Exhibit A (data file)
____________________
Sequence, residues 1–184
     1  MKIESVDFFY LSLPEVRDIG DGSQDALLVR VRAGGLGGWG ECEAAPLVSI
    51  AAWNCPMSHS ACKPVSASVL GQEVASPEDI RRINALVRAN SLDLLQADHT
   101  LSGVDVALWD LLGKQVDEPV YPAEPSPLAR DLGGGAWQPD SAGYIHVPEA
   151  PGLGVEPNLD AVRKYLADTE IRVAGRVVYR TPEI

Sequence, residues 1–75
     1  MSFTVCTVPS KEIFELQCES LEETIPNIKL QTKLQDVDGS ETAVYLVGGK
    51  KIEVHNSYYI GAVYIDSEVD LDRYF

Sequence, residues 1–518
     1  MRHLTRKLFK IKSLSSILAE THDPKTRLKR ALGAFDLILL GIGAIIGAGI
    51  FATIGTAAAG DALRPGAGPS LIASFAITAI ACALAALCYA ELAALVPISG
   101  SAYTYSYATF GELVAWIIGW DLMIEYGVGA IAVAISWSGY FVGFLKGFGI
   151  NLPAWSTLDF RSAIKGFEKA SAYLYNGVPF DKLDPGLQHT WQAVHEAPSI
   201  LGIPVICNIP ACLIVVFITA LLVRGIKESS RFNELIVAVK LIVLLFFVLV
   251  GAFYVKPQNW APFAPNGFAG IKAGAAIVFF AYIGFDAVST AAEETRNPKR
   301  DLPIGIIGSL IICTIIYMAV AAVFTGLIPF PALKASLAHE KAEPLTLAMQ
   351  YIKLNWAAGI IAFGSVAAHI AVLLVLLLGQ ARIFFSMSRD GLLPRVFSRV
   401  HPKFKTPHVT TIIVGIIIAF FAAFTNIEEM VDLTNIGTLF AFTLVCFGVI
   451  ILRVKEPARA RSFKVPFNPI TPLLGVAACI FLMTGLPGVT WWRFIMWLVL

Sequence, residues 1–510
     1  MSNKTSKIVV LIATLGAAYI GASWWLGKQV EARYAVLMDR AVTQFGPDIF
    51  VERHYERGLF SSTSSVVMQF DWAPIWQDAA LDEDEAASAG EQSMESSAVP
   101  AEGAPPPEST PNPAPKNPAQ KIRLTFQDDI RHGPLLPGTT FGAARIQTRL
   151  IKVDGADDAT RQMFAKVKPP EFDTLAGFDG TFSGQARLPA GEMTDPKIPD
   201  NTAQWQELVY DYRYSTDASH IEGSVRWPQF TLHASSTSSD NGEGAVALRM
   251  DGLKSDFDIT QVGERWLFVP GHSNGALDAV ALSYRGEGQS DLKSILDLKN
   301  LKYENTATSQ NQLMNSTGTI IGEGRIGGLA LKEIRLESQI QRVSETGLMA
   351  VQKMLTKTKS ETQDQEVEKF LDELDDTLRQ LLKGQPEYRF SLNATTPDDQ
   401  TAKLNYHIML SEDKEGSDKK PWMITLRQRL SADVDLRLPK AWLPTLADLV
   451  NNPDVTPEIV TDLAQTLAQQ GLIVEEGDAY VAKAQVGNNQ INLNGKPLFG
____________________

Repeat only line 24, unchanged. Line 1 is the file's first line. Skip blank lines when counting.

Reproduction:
   151  IKVDGADDAT RQMFAKVKPP EFDTLAGFDG TFSGQARLPA GEMTDPKIPD